The Weightless SIG announced the development of the Weightless-W standard, which uses TV white spaces, last year. This year the the Weightless-N standard, using the unlicensed 800/900 MHz ISM band was announced. It uses Ultra Narrow Band (UNB) technology and operates in ISM band – 868MHz in Europe and 915MHz in the US, and may also use cellular frequencies around 800 MHz.

Professor William Webb, CEO of the Weightless SIG said, “We are delighted to welcome NWave Technologies Limited to the Weightless SIG. NWave is a leader in IoT over ISM spectrum and the company’s deep technical experience in LPWAN connectivity will make a significant contribution to the rapid development of Weightless-N. Bringing proven capability from an existing technology provider to the SIG and merging it with the expertise already established within the group will accelerate the development of Weightless-N as the leading global open standard for machine connectivity over licence exempt spectrum.”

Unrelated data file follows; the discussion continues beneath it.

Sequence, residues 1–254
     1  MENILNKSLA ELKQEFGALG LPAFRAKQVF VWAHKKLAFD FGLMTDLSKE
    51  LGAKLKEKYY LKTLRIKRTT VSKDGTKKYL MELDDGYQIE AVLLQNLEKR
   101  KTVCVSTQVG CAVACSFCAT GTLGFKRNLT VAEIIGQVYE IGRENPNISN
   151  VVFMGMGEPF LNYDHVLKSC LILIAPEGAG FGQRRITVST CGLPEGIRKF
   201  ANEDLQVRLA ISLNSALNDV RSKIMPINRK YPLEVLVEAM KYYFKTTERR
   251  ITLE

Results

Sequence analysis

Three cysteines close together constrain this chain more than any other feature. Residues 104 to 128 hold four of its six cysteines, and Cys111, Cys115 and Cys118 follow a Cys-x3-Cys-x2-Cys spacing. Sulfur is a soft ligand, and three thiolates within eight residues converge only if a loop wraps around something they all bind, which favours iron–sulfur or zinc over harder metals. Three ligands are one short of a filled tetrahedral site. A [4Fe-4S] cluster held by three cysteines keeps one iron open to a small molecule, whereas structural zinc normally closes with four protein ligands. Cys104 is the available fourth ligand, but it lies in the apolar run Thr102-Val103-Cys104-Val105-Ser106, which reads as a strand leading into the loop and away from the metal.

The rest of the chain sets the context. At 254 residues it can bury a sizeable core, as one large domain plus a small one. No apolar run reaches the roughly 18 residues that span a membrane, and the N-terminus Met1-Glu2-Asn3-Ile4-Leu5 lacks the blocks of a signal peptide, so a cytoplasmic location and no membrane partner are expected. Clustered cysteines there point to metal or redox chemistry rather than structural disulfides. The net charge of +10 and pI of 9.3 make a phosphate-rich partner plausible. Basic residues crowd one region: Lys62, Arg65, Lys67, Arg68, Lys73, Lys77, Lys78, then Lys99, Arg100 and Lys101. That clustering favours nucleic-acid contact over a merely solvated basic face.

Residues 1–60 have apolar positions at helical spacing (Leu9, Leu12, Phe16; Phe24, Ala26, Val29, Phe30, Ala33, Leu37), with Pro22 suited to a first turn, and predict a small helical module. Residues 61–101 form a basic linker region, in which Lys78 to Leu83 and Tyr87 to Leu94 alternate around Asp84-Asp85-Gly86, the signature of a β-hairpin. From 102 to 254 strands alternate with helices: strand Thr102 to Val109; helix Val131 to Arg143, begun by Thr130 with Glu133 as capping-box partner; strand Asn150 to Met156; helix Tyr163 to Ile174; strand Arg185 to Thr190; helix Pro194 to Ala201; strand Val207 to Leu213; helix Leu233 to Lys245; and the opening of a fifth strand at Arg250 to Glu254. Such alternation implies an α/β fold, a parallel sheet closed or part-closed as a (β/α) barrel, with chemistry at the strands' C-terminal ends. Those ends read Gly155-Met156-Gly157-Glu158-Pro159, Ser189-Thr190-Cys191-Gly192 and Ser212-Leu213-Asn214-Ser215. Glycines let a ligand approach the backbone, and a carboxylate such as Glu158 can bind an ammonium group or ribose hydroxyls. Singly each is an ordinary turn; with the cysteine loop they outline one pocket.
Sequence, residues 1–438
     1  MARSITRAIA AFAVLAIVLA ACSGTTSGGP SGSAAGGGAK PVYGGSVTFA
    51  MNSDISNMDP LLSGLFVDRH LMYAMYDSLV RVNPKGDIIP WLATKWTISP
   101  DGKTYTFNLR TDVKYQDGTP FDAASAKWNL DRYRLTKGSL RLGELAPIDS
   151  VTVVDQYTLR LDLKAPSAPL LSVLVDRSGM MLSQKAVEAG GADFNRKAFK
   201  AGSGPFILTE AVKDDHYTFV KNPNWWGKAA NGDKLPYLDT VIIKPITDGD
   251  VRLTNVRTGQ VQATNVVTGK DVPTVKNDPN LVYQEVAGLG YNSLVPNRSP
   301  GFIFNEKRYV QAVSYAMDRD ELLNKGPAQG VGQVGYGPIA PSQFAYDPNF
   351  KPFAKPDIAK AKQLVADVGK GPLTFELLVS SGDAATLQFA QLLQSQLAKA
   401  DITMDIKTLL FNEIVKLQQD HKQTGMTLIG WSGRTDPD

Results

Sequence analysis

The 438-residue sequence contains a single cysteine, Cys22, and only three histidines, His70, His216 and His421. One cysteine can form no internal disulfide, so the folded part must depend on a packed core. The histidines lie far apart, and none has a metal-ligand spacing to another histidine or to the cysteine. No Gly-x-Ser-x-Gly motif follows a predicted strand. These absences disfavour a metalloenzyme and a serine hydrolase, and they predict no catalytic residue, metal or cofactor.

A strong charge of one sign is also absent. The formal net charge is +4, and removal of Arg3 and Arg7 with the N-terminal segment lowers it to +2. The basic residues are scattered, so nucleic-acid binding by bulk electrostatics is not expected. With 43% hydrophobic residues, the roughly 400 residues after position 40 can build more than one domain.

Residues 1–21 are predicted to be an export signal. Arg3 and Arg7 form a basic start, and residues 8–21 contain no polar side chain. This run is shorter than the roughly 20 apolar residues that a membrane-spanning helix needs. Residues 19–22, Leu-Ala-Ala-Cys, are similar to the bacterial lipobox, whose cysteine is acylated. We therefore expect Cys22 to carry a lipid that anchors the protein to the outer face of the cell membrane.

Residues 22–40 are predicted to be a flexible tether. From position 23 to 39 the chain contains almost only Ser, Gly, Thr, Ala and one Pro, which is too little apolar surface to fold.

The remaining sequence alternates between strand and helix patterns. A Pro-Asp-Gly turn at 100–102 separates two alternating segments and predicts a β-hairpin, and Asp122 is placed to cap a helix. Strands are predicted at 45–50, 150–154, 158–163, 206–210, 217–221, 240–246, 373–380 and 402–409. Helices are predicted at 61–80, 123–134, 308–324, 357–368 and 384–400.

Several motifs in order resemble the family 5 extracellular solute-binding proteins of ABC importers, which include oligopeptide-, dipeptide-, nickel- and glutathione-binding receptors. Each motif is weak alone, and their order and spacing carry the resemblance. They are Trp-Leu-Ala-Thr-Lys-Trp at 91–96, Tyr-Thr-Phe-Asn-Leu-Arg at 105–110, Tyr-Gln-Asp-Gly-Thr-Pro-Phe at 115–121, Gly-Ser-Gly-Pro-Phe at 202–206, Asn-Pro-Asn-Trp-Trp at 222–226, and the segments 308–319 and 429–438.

See Dailywireless Whitespace articles, including; Qualcomm Buys Silicon Radio, Huawei Buys Neul, Weightless M2M Standard, Version 0.9, Neul’s Weightless Chip: $12

Qualcomm Announces end-to-end MU-MIMO

Qualcomm today announced 802.11ac Wave 2 solutions with multi-user multi-input/multi-output (MU-MIMO). Qualcomm Atheros will be conducting the industry’s an over-the-air, end-to-end MU-MIMO demonstration using their networking and client-side chips at Broadband World Forum in Amsterdam, October 21-23.

Qualcomm VIVE 802.11ac chipsets with MU-MIMO technology, which Qualcomm Atheros introduced earlier this year are beginning to be released in products. Mobile device manufacturers are also preparing smartphones and tablets to take advantage of these MU-MIMO which can achieve up to three times faster 11ac Wi-Fi, according to Qualcomm.